"

          It then goes on to talk about sewers and flying freehold clauses between W and C. However, most frustratingly, there is no area "coloured Yellow" on the attached plan! Is this normal? Where does that leave things!?

          Similarly, E's Title Register talks about an area "coloured Brown and Red", however no such markings exist. Both plans simply show a red border around the respective properties' boundaries.

          Regardless, I think it is clear where the area should be marked - over the old access, not including the new diversion since the landslip. So the original question remains. Would there be any reason not to have a right to reinstate the access along the original route, despite the ground movement and the shed being built on top of it?

          Thanks!

          Comment


          • #6
            So E & C have an easement which gives them the right of access along the defined route.

            That cannot be changed without the agreement of all parties.
            It may not be blocked, nor diverted.

            I suggest E tells the owners of the burdened land that he requires the original access reopened or the easement is varied by agreement at no cost to the benefitting land.
            No need to purchase access rights as they already exist.
            If he doesn't agree E should apply for an injunction at the cost of the other party

            Comment


            • #7
              Great, thanks. Will be passing this on.

              There is also potentially an access issue with the Council to open. Apparently it was their contractors who reassigned the access after the landslip. I mentioned that it took out the main road and the access to the properties. This left the main road broken, which was diverted around leaving the access at a dead end in the old section. A fence was erected between the old and new access points to block off the road. I presume it is the Council's fence and that they assumed the new access would serve all the properties. But does their own barrier and involvement muddy things?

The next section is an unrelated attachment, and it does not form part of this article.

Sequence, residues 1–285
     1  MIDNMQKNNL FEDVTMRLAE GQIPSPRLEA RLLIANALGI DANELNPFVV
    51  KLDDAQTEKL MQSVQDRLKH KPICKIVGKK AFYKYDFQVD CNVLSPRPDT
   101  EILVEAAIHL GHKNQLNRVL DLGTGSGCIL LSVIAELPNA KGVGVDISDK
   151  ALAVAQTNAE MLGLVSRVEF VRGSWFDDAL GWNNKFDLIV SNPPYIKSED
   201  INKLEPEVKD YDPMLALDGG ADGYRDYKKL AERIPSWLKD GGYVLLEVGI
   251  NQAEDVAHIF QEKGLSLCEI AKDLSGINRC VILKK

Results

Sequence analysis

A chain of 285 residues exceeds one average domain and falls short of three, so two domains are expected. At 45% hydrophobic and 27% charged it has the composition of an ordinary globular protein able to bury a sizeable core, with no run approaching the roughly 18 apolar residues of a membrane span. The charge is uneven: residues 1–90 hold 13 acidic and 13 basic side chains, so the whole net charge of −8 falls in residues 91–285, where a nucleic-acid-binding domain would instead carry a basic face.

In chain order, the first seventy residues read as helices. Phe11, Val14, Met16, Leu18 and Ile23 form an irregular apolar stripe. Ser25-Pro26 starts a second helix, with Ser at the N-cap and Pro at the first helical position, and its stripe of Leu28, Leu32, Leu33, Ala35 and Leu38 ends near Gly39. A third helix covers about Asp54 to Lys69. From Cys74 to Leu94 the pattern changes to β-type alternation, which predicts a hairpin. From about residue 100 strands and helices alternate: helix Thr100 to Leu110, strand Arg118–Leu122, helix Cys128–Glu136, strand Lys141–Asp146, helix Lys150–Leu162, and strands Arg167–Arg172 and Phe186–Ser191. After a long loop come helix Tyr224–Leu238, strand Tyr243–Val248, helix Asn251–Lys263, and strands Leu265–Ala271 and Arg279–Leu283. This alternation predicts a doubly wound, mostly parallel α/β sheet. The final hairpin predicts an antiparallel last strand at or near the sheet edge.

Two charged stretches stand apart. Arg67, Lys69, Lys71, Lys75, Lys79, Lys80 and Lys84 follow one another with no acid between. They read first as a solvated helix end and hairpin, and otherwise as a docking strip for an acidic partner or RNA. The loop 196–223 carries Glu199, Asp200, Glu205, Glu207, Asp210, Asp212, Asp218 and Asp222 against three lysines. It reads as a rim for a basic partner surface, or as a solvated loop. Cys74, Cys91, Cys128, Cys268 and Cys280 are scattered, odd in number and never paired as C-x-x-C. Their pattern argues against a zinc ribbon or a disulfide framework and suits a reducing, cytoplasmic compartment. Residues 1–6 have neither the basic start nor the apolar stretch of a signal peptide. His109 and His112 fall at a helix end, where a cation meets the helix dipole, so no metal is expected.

Last edited by Rapidon; 5th May 2021, 21:11:PM.

              Comment


              • #8
                From your posts I am assuming the old access could be used if the council had not erected a fence

                If it is not possible to reinstate the old access because it has physically disappeared in the landslip ,I would expect (if it went to court) the judge would probably order that the easements be altered to reflect that.
                That would seem to be the most appropriate solution anyway, but there is no need for it to be purchased

                Try and avoid court as land disputes can become very expensive

                Comment


                • #9
                  Thanks. To clarify, the old access couldn't be used as is. The land has physically moved, but not disappeared like off a cliff into the sea. It's just slumped and would need to be built back up to get a car across. I will go down myself to get a full picture of the condition. Do you think the owners need to talk to the Council about it?

                  Comment


                  • #10
                    If the old access, which is covered by the easement< has fallen into a condition which means it can't be used, it needs to be reinstated.
                    The covenant covers this situation " the respective owners of "E" and "C" paying to the Purchaser and her successors in title a fair proportion of the expense of keeping such roadway in proper repair and condition (b)"

                    Certainly the council should be told if they have locked off the only access E & C have legally, and asked to reopen it.

                    However it will all depend on what has actually happened, the ground situation etc.

                    Comment